Oracle9i Application Developer's Guide - Advanced Queuing
Release 1 (9.0.1)

Part Number A88890-02
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This reference describes features of application development and integration using Oracle Advanced Queuing. This information applies to versions of the Oracle Server that run on all platforms, unless otherwise specified.

This preface discusses the following:


The Oracle9i Application Developer's Guide - Advanced Queuing is intended for programmers developing new applications that use Oracle Advanced Queuing, as well as those who have already implemented this technology and now wish to take advantage of new features.


The Oracle9i Application Developer's Guide - Advanced Queuing contains the following chapters and appendices:

Chapter 1, "Introduction to Oracle Advanced Queuing"

This chapter describes the requirements for optimal messaging systems. Although Oracle AQ is a relatively new technology, and not all these goals have been realized, you can get an overview of the design and a clear idea of the intended direction.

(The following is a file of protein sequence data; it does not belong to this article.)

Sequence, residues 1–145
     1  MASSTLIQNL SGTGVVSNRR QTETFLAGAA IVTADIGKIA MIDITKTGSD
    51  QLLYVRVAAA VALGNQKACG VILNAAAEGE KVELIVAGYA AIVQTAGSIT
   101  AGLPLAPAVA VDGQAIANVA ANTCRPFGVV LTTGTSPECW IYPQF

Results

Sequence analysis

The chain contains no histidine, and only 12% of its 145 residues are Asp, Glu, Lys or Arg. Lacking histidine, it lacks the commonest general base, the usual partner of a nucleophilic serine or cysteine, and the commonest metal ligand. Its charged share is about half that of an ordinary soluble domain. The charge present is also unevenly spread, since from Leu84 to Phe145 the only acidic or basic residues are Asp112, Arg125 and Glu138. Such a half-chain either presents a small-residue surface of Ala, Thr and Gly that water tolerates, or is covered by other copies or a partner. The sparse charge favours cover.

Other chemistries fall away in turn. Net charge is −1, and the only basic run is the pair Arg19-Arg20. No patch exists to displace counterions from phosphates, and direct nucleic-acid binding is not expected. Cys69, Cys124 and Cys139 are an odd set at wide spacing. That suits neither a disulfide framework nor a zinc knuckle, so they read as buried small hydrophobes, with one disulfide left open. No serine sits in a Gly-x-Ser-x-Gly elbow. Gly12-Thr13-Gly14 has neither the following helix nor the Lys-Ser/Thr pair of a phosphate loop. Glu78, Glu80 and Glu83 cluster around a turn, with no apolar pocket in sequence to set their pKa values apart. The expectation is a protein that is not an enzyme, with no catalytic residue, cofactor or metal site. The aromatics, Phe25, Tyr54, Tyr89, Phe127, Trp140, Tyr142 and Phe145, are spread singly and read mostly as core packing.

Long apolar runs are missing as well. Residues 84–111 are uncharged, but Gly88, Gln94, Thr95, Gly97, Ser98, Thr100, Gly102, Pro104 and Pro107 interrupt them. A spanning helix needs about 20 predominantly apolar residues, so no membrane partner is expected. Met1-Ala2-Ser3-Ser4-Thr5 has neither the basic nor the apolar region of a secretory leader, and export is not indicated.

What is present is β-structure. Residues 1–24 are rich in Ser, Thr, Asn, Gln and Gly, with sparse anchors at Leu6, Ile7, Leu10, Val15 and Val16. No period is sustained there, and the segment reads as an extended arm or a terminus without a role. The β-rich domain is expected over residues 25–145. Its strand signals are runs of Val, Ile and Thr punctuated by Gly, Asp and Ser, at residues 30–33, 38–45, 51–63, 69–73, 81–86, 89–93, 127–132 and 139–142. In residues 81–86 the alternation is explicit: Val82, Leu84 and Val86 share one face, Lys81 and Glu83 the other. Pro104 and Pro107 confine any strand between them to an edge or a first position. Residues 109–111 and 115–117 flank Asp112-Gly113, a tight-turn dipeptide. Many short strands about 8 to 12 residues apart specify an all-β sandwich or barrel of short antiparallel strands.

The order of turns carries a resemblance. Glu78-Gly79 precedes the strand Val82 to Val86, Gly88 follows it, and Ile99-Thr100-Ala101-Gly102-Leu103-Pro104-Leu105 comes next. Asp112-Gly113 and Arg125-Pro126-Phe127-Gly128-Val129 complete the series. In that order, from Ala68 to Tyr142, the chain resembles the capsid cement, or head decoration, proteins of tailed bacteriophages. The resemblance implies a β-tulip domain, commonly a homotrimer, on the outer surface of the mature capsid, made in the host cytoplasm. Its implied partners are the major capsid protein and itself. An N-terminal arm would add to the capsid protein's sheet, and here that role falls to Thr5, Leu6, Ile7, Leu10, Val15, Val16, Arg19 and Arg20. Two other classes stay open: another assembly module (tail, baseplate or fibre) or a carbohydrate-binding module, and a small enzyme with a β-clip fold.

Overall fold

Chapter 2, "Basic Components"

This chapter describes features already present in Oracle AQ under three headings: General Features, Enqueue Features, and Dequeue Features.

Chapter 3, "AQ Programmatic Environments"

This chapter describes the elements you need to work with and issues you will want to take into consideration in preparing your AQ application environment.

Chapter 4, "Managing AQ"

This chapter discusses issues related to managing Advanced Queuing such as migrating queue tables (import-export), security, enterprise manager support, protocols, sample dba actions as preparation for working with AQ, and current restrictions.

Chapter 5, "Performance and Scalability"

This chapter discusses performance and scalability issues.

Chapter 6, "Frequently Asked Questions"

Frequently asked questions are answered here.

Chapter 7, "Modeling and Design"

This chapter covers the fundamentals of Advanced Queueing modeling anddesign.

Chapter 8, "A Sample Application Using AQ"